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Calculating Year-On-Year Growth of GDP

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Introduction

The model which is to be developed is real GDP in the UK. From such a series of real values, it is straightforward to calculate year-on-year growth of GDP.

Selection of variables

To model GDP, key factors identified by Easton (2004) include labour costs, savings ratio, taxation issues, inflation and terms of trade. However, many of these variables are not available for the required 40 year time span.

The variables eventually chosen and the justification were as follows:

GDP: the dependent variable, measured at 1950 prices. As GDP deflator figures were not available back to 1960, the eventual starting point of the analysis, the RPI inflation measure was used to convert the series into real prices.

Exim: this variable is the sum of imports and exports, at constant 1950 prices. As a measure of trade volumes, EXIM would be expected to increase as GDP also increases. The RPI deflator was also used for this series. Total trade was plasced into one variable was to abide by the constraint of no more than four independent variables.

Energy: energy consumption was calculated as production plus imports minus exports in tonnes of oil equivalent. As energy use increases, we would expect to see an increase in the proportion of GDP attributable to manufacturing.[1]

Labour: this variable is the total number of days lost through disputes. We would expect this variable to have a negative coefficient, since an increase in the number of days lost will lead to a reduction of GDP.

Scatter diagrammes showing the relationship between the dependent variable GDP and each of the independent variables is sown in Appendix 1. These diagrammes support each of the hypotheses outlined above.

Main results

The regression equation produced by EViews, once the energy variable is excluded, is as follows:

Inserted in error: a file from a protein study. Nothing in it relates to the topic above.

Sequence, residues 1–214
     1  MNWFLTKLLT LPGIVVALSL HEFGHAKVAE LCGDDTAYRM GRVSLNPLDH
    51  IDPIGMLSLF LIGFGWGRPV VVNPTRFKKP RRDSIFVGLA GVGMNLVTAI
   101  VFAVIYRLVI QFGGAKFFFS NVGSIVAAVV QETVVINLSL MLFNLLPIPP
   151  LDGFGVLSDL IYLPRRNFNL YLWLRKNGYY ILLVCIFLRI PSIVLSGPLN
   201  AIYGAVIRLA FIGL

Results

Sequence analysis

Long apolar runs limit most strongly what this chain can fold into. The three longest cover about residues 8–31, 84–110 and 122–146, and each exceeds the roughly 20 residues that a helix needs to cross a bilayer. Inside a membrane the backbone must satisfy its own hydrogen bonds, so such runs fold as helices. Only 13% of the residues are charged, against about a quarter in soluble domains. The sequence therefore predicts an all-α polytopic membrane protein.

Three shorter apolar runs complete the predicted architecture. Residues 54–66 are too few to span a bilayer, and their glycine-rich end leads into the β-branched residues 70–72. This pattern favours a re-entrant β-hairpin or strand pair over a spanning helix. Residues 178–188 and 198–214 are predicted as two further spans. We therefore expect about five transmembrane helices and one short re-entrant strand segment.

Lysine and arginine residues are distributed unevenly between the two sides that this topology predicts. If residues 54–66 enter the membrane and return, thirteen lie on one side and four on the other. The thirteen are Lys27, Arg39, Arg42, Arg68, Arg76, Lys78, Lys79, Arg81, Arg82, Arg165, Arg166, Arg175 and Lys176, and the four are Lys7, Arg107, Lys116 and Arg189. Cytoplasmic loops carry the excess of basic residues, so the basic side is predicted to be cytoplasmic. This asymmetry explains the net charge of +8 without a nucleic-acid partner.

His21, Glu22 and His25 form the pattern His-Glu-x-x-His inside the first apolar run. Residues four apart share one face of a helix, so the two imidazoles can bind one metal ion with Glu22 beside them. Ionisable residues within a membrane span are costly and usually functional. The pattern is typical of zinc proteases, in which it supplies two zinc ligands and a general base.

GDP = -73223.22384 + 1.062678514*EXIM - 0.1391051564*LABOUR + 1.565374397*POPN

The adjusted R2 is equal to 0.978; or, 97.8% of the variation in GDP is accounted for by the variation in EXIM, LABOUR and POPN.

Each of the coefficients of the three independent variables, EXIM, LABOUR and POPN, have t-statistics sufficiently high to reject the null hypothesis that any of the coefficients is equal to zero; in other words, each variable makes a significant contribution to the overall equation.

To test the overall fit of the equation, the F value of 703 allows us similarly to reject the hypothesis that the coefficients are simultaneously all equal to zero.

Dependent Variable: GDP

   

Method: Least Squares

   

Date: 04/15/08 Time: 09:10

   

Sample: 1960 2006

   

Included observations: 47

   

Variable

Coefficient

Std. Error

t-Statistic

Prob.

C

-73223.22

23204.60

-3.155548

0.0029

EXIM

1.062679

0.117445

9.048297

0.0000

LABOUR

-0.139105

0.036951

-3.764585

0.0005

POPN

1.565374

0.443541

3.529270

0.0010

R-squared

0.980046

Mean dependent var

32813.25

Adjusted R-squared

0.978654

S.D. dependent var

10905.60

S.E. of regression

1593.331

Akaike info criterion

17.66631

Sum squared resid

1.09E+08

Schwarz criterion

17.82377

Log likelihood

-411.1582

F-statistic

703.9962

Durbin-Watson stat

0.746519

Prob(F-statistic)

0.000000

The Akaike and Schwartz criteria are used principally to compare two or more models (a model with a lower value of either of these statistics is preferred). As we are analysing only one model here, we will not discuss these two further.

Using tables provided by Gujarati (2004), the upper and lower limits for the DW test are:

DL = 1.383 DU = 1.666

The DW statistic calculated by EViews is 0.746, which is below DL. This results leads us to infer that there is no positive autocorrelation in the model. This is an unlikely result, given that we are dealing with increasing variables over time, but we shall examine the issue of autocorrelation in detail later on.

Multicollinearity

Ideally, there should be little or no significant correlation between the dependent variables; if two dependent variables are perfectly correlated, then one variable is redundant and the OLS equations could not be solved.

The correlation of variables table below shows that EXIM and POPN have a particularly high level of correlation (the removal of the ENERGY variable early on solved two other cases of multicollinearity).

It is important, however, to point out that multicollinearity does not violate any assumptions of the OLS process and Gujarati points out the multicollinearity is a consequence of the data being observed (indeed, section 10.4 of his book is entitled “Multicollinearity; much ado about nothing?”).

Correlations of Variables

 

GDP

EXIM

POPN

ENERGY

 

GDP

1.000000

       

EXIM

0.984644

       

POPN

0.960960

0.957558

     

ENERGY

0.835053

0.836279

0.914026

   

LABOUR

-0.380830

-0.320518

-0.259193

-0.166407

 

Analysis of Residuals

Overview